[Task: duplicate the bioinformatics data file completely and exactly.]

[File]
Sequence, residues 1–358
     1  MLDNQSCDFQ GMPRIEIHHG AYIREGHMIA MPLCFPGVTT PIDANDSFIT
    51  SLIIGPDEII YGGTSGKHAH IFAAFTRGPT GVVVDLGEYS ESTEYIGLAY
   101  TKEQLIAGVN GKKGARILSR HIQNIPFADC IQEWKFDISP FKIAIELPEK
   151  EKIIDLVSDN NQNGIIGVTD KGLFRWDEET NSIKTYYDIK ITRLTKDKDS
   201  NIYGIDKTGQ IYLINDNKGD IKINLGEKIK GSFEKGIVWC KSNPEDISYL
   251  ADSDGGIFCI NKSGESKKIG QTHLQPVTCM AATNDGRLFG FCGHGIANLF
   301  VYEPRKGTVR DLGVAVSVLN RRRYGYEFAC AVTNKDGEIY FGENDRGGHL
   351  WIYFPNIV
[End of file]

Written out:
Sequence, residues 1–358
     1  MLDNQSCDFQ GMPRIEIHHG AYIREGHMIA MPLCFPGVTT PIDANDSFIT
    51  SLIIGPDEII YGGTSGKHAH IFAAFTRGPT GVVVDLGEYS ESTEYIGLAY
   101  TKEQLIAGVN GKKGARILSR HIQNIPFADC IQEWKFDISP FKIAIELPEK
   151  EKIIDLVSDN NQNGIIGVTD KGLFRWDEET NSIKTYYDIK ITRLTKDKDS
   201  NIYGIDKTGQ IYLINDNKGD IKINLGEKIK GSFEKGIVWC KSNPEDISYL
   251  ADSDGGIFCI NKSGESKKIG QTHLQPVTCM AATNDGRLFG FCGHGIANLF
   301  VYEPRKGTVR DLGVAVSVLN RRRYGYEFAC AVTNKDGEIY FGENDRGGHL
   351  WIYFPNIV